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Stepfather of 4 Sexually Active Daughters!



Reply Date

Apr 19, 2017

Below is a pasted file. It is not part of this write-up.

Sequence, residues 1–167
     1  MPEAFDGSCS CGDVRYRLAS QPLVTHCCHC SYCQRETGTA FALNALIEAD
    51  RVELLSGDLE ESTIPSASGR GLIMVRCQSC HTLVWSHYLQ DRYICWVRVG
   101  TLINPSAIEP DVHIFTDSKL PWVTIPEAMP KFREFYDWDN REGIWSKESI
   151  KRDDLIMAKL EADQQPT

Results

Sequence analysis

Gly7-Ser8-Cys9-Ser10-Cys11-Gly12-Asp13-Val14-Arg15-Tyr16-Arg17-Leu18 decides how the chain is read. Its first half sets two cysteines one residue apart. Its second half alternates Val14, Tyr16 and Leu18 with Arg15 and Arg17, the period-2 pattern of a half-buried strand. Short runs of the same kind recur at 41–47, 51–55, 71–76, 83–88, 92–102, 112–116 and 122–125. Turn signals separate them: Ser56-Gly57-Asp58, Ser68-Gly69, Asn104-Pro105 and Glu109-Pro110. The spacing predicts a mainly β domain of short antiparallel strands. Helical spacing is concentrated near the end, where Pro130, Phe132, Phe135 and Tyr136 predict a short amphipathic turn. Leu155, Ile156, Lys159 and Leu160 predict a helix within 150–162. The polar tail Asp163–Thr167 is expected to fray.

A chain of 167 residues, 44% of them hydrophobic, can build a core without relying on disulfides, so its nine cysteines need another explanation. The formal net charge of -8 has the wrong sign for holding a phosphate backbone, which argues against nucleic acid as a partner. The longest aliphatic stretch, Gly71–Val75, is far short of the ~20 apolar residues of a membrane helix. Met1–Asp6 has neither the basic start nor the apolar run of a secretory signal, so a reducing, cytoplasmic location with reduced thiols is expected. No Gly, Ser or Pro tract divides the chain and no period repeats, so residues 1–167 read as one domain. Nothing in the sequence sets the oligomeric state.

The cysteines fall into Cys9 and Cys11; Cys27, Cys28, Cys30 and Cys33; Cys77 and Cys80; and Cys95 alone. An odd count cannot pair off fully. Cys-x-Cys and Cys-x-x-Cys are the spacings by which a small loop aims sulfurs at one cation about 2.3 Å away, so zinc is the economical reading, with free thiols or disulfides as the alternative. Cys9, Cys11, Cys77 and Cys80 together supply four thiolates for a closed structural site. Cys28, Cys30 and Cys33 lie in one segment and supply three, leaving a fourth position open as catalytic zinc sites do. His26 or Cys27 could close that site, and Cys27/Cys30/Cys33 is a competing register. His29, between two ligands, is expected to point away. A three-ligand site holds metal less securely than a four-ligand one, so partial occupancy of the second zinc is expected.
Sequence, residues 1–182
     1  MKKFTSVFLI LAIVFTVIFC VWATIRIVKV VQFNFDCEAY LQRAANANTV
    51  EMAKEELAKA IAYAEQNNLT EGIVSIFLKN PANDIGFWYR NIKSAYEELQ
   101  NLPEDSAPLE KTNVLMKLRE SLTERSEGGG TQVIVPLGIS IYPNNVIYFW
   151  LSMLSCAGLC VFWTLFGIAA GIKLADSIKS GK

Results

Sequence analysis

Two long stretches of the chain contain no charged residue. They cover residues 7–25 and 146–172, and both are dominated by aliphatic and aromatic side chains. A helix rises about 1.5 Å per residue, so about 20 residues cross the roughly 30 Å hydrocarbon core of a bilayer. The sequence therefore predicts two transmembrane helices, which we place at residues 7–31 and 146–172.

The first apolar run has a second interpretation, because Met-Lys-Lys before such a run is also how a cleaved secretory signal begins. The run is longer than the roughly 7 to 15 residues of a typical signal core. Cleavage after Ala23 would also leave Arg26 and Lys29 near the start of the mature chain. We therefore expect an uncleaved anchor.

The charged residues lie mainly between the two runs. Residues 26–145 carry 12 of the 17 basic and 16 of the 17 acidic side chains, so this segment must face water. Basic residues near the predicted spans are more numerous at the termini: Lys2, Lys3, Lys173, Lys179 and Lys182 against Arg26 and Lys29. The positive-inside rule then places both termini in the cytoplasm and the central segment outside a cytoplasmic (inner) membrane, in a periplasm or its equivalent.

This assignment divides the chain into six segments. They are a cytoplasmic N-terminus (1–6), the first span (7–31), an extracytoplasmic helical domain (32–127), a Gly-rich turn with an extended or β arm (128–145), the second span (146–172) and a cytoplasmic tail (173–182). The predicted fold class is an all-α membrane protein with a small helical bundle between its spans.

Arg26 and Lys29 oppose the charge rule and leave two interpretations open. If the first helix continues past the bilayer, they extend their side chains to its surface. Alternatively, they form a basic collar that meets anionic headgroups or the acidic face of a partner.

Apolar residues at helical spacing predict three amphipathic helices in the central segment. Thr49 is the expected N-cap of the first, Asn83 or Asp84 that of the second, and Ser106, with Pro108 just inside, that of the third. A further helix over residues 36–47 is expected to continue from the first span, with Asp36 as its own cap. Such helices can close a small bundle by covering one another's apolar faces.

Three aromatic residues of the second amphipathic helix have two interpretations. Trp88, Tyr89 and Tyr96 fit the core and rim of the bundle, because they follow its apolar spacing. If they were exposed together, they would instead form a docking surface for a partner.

As salamu `alaykum, I’m very grateful for your counseling service. It is a great benefit, especially for Muslims living in the U.S. When I married my wife 5 years ago, I also became the stepfather of her 4 daughters. Their biological father still lives, is a converted Muslim (for more than 20 years), but he only superficially embraced the faith, just to be eligible to marry a Muslima from Malaysia (my current wife). The youngest two daughters live with my wife and me now in the U.S. They are in their early 20s, work full-time, and are finishing their last year of university, not married, are not virgins, and are currently sexually active. Only until very recently, my wife has been in denial about her daughters’ sexual behavior. As their stepfather, shortly after they began living with us, I spoke with them directly about her mother and my expectations about their interactions with those of the opposite sex. Following our Islamic faith, I told them that fornication would not be tolerated, and I told them that “dating” as practiced in the U.S. was also unacceptable. Further, they were advised that if they developed a friendship with a young man, then before they could spend time with him alone (for example, going to a movie, going out for a meal), the young man would have to meet myself and wife, and during that first meeting, I would talk with him thoroughly (and privately) to determine his suitability to spend time with my daughter. They listened carefully to this speech, said nothing, asked no questions, but later I learned from my wife, they thought this advice was too harsh. Again, for most of their young lives, their father was one of the poorest examples of a Muslim, and sadly, my wife’s example, although better, was not significantly better. The 22-year-old, the other day confessed to my wife that she is having sex with her “boyfriend” who is not Muslim. Again, this is not the first time she has had sex. The daughter also shared that they are “in love” and are planning to marry sometime this year. There exists no evidence of marriage plans beyond the words they have uttered about marriage. She is currently doing an internship at university My wife is visiting her this weekend, and our daughter wishes that the mother meet the “boyfriend” and his family. I advised my wife against meeting this man because he has already violated our daughter’s/family’s dignity, and I told her that meeting him will only validate and legitimize their immoral relationship. I further told her that his talk of marriage is only just that, talk, and before he was “qualified” to meet us, we would have to see some stronger evidence of marriage then just a shallow statement of marriage. Until then, he is just another whore that has deceived his way into our daughter’s pants. My wife disagreed, and told me she would meet him anyway. I am very disappointed with my wife now for not accepting my advice. Your advice here, I would grateful appreciate. Finally, I noticed that our other daughter buys condoms to have sex with her boyfriend/s. A sales receipt fell out of one of her shopping bags recently. Considering the talk I gave to my daughters above where I outlined our expectations, and their blatant rejection of that advice, I am no longer comfortable with them living in our household. They have consistently lied to their mother and me about their social activities, and whereabouts, and I cannot trust them. And, they have no problem with fornication. As a Muslim, I cannot accept this situation. Both will complete their university studies this year, and afterwards, I will demand that they find another place to live. Is my thinking here both wise and consistent with the teachings of our faith? Again, allowing me to share these problems with you has been immensely helpful. Salaams